Subjects we covered

Corporate Law

A legal professional in India can specialize in any specific area of Indian law, such as labor, tax, constitutional, corporate and family law, to name a few. Corporate law mainly regulates the formation and operations of business organizations, companies, corporate houses and other business practices.
The provisions of corporate law establish that a company has a separate legal identity. A company has its own legal rights and legal obligations that are independent of its members. You can file a lawsuit against a company. However, it is not mandatory that the dispute be extended to its owner and shareholders.

 

Corporate law: a good professional option
A lawyer specializing in corporate law helps corporate houses with legal processes and resolution of corporate disputes. In addition, it helps them to assert their legal rights and to know their legal responsibilities. The industrial boom in India has made corporate law a lucrative career option.

In case you plan to specialize in corporate law, there are several employment opportunities to consider, such as joining a corporate law firm. However, before joining a legal firm, it is essential to confirm their level of experience, reputation in the market, location and size.
Another option you choose is to start an independent legal practice. Small business owners prefer to hire an independent corporate lawyer instead of hiring expensive services from large corporate law firms. In addition, you can start your practice by working with an experienced corporate lawyer.
You may also consider joining the legal department of a corporate organization. Several leading corporate organizations hire corporate lawyers for their own legal departments. These firms have their own legal departments to carry out their legal procedures and legal procedures.
However, to pursue a successful career as a corporate lawyer; You should know the company’s laws, trademark laws, copyright laws, tax and securities laws, and government regulations and regulations

Hindu Law

India, being a secular country, approves a system of personal laws of India with separate laws for different religions; This includes Hindu law, Muslim law, Christian law and Parsee law. Hindu laws mainly deal with matters related to marriage, divorce, adoption, guardianship and inheritance.
Hindu laws apply to people who are Hindu by religion, and include members of the Hindu, Sikh, Jain and Buddhist communities. They are also applicable to an individual who is not Christian, Muslim, Jewish or parsi and also to those who are not regulated by any other personal law.

Modern Hindu Law: Key Components

Modern Hindu law comprises the following components:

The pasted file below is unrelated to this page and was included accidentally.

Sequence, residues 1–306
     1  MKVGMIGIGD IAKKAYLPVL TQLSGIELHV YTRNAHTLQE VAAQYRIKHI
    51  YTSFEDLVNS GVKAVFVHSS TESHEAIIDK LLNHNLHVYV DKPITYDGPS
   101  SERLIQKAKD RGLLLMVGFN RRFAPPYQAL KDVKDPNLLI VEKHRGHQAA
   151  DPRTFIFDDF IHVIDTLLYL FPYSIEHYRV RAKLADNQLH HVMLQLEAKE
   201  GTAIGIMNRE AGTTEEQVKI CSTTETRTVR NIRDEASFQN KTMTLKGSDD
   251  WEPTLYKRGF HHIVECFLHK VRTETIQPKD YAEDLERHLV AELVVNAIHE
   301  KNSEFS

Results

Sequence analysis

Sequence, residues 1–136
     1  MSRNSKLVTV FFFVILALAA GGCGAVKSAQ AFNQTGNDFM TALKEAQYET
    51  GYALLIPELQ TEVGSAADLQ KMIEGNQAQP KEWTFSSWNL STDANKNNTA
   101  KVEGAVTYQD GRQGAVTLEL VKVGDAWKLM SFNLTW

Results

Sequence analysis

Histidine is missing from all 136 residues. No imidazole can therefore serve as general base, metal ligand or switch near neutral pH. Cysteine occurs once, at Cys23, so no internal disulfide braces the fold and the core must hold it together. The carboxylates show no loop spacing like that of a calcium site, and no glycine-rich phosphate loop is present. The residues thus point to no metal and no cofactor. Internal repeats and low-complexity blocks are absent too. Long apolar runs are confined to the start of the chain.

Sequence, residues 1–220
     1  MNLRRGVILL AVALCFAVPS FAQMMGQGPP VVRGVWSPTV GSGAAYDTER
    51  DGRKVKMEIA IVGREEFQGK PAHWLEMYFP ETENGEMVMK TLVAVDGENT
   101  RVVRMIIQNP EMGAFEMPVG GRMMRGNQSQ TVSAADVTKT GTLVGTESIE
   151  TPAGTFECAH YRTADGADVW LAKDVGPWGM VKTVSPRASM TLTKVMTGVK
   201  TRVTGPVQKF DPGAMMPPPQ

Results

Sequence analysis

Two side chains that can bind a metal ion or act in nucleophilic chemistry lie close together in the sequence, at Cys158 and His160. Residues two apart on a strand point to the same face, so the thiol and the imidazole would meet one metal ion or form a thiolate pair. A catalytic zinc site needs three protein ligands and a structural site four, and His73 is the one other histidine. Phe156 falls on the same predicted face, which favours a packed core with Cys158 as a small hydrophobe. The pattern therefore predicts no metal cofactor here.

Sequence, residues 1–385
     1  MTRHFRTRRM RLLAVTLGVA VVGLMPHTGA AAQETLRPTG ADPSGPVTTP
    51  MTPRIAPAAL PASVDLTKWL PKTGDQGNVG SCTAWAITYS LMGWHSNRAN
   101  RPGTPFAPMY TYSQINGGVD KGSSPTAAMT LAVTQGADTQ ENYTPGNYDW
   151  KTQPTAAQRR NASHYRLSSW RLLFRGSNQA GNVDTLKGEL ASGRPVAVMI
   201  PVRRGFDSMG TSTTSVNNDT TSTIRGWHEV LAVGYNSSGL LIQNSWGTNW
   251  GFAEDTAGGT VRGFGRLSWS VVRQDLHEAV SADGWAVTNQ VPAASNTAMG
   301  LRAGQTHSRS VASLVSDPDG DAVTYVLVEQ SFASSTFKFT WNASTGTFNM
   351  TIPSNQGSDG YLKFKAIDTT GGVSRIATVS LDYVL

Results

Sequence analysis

The Law of Guardianship and Hindu Minority (1956)
The Hindu minority and guardianship Act of 1956 regulates the guardianship relationship between an adult and a minor. It also addresses issues related to the child’s property. The Law was intended to improve the provisions of the Guardians and Guards Act of 1890. However, it cannot be considered as the replacement of the Guardians and Guards Act of 1890.
According to the Guardianship and Hindu Minority Law, a minor is a person under 18. A guardian is a person who takes care of the child and his property. Certain categories of tutors include:

A natural guardian

A guardian appointed by the mother or father of the minor.

A guardian appointed to the minor by the Court.

A person who qualifies as a guardian according to the Court of the Chambers.

The Hindu Adoption and Maintenance Act (1956)

Although a derivative of the Hindu law enshrined in ‘Manu Smriti’, the Hindu Adoption and Maintenance Act of 1956 adopts a different approach on this subject. A legal adoption process is stipulated for Hindus, Sikhs, Jains and Buddhists. Such an adult must meet certain conditions in order to adopt a child under the Law:

Must be able enough to keep the adopted child.

The child must fall into the Hindu category and be able to be adopted.

The adoption is considered legally valid only if it is carried out in accordance with the provisions of the Law.

The Hindu Adoption and Maintenance Act of 1956 also provides that maintenance be given to family members, such as children, wife, parents and parents-in-law.

The Code of Criminal Procedure

The Code of Criminal Procedure commonly called the Code of Criminal Procedure (CrPC) is the main legislation on the procedure for the administration of substantive criminal law in India. It was promulgated in 1973 and entered into force on April 1, 1974. Provides the mechanism for the investigation of the crime, the detention of suspected criminals, the collection of evidence, the determination of guilt or the innocence of the accused person and the determination of the punishment of the guilty party. It also deals with public nuisance, crime prevention and the maintenance of the wife, child and parents.

 

Currently, the law contains 484 sections, 2 schedules and 56 forms. The sections are divided into 37 chapters.
In medieval India, after the law established by Muslims, Mohammedan criminal law prevailed. The British rulers passed the Regulatory Law of 1773 under which a Supreme Court was established in Calcutta and later in Madras and Bombay. The Supreme Court had to apply the British procedural law when deciding the cases of the subjects of the Crown.